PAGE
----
Likes & Dislikes


"First of all: it’s expensive – Sydney prices – which is rather surprising, considering that the services are far behind those of Australia or Europe (1 AUD = approx. 88 vatus). It is not spending more than half an hour in Port Vila... :), and the locals speak both English and French. Instead of a taxi, you should use the ‘buses’, which are actually minibusses, if you don't rent a car. They have a red letter B on the number plate. From Warwick to the ‘city’ :) costs 150 vatus per person.

If you’re going to the volcano, it’s worth making sure your camera is in some sort of case. We took the waterproof case with us, but since we had to open it for a moment or two, that time was enough for the dust to get into the camera zoom mechanism. When we got it looked at back home, the technician said that those few moments were enough for so much ash/dust to get into the machine that it broke. Bus drivers can be pushy, but less so than in Thailand. By the way, we ran into a funny situation: on the way home from the store, we suddenly heard the driver say ‘Uh-oh, problem’. He asked us to get out and then told us that we didn’t have to pay, but that he had to turn around now. After getting out, we realized that a few hundred meters away, the police were checking the drivers. I guess he didn't have a license or the car's papers weren't in order or something like that. :))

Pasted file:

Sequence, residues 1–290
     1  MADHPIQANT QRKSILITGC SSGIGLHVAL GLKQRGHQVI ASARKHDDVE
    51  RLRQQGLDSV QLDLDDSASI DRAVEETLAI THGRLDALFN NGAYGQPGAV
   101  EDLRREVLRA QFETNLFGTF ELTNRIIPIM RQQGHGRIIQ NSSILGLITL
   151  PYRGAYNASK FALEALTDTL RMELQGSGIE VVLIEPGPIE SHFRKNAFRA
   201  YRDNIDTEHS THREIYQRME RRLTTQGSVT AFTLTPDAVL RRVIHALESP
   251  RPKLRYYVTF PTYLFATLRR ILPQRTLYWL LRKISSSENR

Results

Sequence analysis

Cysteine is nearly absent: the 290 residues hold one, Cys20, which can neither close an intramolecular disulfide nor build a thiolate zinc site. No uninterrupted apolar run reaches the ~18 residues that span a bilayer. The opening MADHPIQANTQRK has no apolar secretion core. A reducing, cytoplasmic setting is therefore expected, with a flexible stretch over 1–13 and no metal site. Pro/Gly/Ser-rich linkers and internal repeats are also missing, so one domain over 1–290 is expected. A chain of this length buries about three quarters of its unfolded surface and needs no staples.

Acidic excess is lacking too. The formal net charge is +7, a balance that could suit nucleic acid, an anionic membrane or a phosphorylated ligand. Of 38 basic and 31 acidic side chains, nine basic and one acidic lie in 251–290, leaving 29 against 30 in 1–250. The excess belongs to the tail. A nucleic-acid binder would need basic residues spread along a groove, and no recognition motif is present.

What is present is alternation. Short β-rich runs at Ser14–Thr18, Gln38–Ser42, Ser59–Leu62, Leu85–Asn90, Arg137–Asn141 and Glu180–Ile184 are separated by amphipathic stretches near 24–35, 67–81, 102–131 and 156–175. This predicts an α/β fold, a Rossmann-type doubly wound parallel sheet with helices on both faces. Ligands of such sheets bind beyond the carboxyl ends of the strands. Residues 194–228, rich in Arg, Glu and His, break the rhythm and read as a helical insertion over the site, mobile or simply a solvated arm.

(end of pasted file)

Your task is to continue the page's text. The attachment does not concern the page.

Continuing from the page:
It's a good idea to bring shoes you can wear into the water – in some places the beach is not sandy, but a mixture of dead coral and pebbles. I think it's worth renting a car if you want to get to the Blue Lagoon or go around the island – but it's not cheap. The roads outside the capital are good. Everyone recommends 4WD, but we don't think it's necessary if you stay on the highway. We went on two paid tours (on different days), but if we had planned better, we could have done more by renting a car.” (2015)

South Pacific Ocean - Vanuatu - traditional wooden canoe - Elter photo

South Pacific Ocean - Vanuatu - tourist show combined with jogging - Elter photo

South Pacific Ocean - Vanuatu - girl - Elter photo






Vanuatu - Tanna Island - m.o. photo



South Pacific Ocean - Vanuatu - appetizer - Elter photo



South Pacific - Vanuatu - dance&bottom show - Elter photo

Vanuatu - welcome drink - l.e. photo

Public safety


South Pacific Ocean - Vanuatu - Master of camouflage - Elter photo

Vanuatu - security - a.r. photo



South Pacific Ocean - Vanuatu - making fire Stone Age-way - Elter photo


Vanuatu - national flag

Destination in brief

Vanuatu is a South Pacific Ocean country made up about 80 islands that strech 1,300 kilometers (807 miles).

Size: 12,199 km² (4,710 mi²)

Capital city: Port Vila

Population (in 2020): 306,000

Languages: a native language, the Bislama, English and French are the three official languages - Bislama is the most spoken followed by English. Vanuatu is northeast of Australia. Closest other island countries are: New Caledonia (southwest), Fiji (east), 

Religions: 93% Christians